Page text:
Suffolk shows double standard
Two Suffolk County police officers recently were suspended without pay for an incident caught on video ["2 Suffolk cops suspended," News, March 3]. The officers have not been charged with a crime but will lose a month’s pay.
Currently, we have two Suffolk County legislators who have been arrested and have pending felony charges but still are collecting salaries paid by taxpayers ["Staying in office despite charges," News, Dec. 13]. I believe those legislators also should have been suspended without pay until their cases are adjudicated. My guess is they will postpone their cases as long as possible so they will continue to get paid.
Vincent Stephan, Sayville
Seniors want to get mobile vaccinations
As a senior in Woodbury Gardens, one of several Oyster Bay Town housing developments, I and others here are disappointed in the handling of the COVID-19 vaccinations. New York’s mayor is protecting those in housing developments, so why can’t the town or Nassau County set up vaccination sites in each complex? We have retired nurses waiting to give us injections. Many seniors are homebound and not computer-savvy. We have desperately tried to get answers. Seniors have made this town great, and this is the thanks we get. Politicians asked for our votes, and this is how we are repaid. Continue making this difficult to get, and eventually the senior population will not stay quiet.
Joan Napoli, Woodbury
Keep snow days for everyone to enjoy
Snow days off from school are one of the highlights of winter for our teachers and students ["Schools say snow’s no day off," News, March 4]. During this pandemic, remote learning was a poor substitute for in-person learning.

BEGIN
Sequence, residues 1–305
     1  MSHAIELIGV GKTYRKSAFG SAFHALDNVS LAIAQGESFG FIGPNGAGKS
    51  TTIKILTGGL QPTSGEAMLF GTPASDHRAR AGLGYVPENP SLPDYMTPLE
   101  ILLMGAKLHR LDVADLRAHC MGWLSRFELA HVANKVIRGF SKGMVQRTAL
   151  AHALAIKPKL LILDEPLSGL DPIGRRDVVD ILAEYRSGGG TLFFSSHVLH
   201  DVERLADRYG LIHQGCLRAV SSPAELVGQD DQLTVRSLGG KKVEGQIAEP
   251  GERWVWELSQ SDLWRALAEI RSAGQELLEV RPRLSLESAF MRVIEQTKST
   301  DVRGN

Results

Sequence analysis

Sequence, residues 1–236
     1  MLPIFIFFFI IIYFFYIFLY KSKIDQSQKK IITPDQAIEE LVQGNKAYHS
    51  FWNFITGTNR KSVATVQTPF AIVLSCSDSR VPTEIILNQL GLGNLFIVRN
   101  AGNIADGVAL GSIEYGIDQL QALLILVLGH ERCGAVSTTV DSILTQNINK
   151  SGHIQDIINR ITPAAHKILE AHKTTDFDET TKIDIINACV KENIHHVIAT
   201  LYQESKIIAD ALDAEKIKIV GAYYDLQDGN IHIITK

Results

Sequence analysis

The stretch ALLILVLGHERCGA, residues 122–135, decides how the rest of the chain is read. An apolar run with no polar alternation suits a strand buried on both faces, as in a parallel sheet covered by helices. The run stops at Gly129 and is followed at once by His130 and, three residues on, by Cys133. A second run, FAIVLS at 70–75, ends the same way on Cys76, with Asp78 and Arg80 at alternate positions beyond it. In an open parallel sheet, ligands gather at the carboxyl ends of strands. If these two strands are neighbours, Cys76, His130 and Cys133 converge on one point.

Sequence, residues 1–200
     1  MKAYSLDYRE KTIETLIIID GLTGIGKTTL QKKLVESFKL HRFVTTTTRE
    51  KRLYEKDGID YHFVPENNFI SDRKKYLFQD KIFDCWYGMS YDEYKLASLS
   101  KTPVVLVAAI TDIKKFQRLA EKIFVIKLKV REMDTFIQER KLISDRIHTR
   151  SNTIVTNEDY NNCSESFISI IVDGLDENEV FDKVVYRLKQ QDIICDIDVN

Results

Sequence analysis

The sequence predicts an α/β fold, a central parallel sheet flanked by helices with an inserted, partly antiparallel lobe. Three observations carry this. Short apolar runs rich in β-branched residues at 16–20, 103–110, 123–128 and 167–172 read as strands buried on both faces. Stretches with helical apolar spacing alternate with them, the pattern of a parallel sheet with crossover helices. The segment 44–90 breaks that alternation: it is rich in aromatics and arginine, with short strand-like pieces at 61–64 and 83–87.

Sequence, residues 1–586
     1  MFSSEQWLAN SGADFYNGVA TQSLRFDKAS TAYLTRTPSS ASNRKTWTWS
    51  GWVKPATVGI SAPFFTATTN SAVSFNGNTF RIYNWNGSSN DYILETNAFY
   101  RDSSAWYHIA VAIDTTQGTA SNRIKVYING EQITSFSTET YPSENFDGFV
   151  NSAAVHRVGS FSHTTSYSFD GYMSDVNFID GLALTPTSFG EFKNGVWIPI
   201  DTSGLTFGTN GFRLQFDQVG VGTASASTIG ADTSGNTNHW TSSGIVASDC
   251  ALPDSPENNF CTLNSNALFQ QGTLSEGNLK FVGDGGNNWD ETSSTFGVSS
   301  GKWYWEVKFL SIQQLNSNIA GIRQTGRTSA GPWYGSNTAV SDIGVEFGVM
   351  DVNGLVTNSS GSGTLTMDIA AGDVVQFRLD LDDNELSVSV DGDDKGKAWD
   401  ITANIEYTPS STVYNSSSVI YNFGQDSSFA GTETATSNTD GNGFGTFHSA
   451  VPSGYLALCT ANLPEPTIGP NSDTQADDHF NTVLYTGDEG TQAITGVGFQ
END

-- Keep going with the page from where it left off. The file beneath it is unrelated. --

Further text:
Why put teachers and kids in front of a computer screen rather than having them go outside to breathe in the clean, fresh air that snow brings.
It’s much healthier than wading through another day of remote learning. All the kids want to do is sleep a little later, have breakfast in their pajamas, then go outside to play and perhaps help their parents shovel and clean off their cars.
These two or three snow days, to me, are more appreciated for the reprieve they give parents, teachers and school staff than an added day of vacation time.
Geri Bruno, Bohemia
Teacher remembered her students for years
I was saddened to learn of the passing of Nancy Cobb ["Nancy J. Cobb, 82, beloved Port Jefferson Station teacher," Obituaries, March 6]. She was my daughter Lisa’s second-grade teacher at Clinton Avenue Elementary School in Port Jefferson Station more than 25 years ago. In the fall, out of the blue, she gave me a call. She had come across boxes of student compositions in her attic and wanted to know if I wanted Lisa’s work. She was trying to contact as many parents or students to share their work before the boxes were discarded. The next week in the mail, I received two of Lisa’s compositions. I think that perfectly sums up the kind of wonderful, thoughtful and caring teacher "Mrs. Cobb" was.
Joan Perrin, Port Jefferson Station
Why lifting mask mandates is bad idea
Several states lifted mask mandates, and the Texas governor has announced that all businesses and facilities will be permitted to open to 100% of capacity ["Texas to lift statewide mask mandate," Nation & World, March 3]. Most politicians said their citizens have the individual freedom and right to do so. I believe that concept does nothing for the common good. So let’s go ahead and ignore the more than 300,000 U.S. intersections controlled by traffic lights and simply proceed through red lights when we want to. The argument collapses when you have a green light, and one of your like-minded individuals approaching the same intersection at a right angle to you has a red light, an impingement on his individual freedom. So you have a meeting of the cars, so to speak. Every day, in ways we don’t even think about, we sacrifice some personal rights for the common good. Without an agreed-upon set of values, a society can expect only chaos in conducting our daily activities, whether it be driving to the grocery store or helping stem the advance of a deadly virus.
Kevin Thompson, Northport
GOP supporters: Why take stimulus money?
Perhaps constituents of Republicans who voted against the latest stimulus package should refuse the money ["Checks coming soon," News, March 9]. Maybe they’re not unemployed or struggling with rent or lack of food. Or maybe the GOP should stipulate that none of its constituents should receive any of the money. Or perhaps those who voted for Republicans should not re-elect them.
Phillip Gennawey, Mineola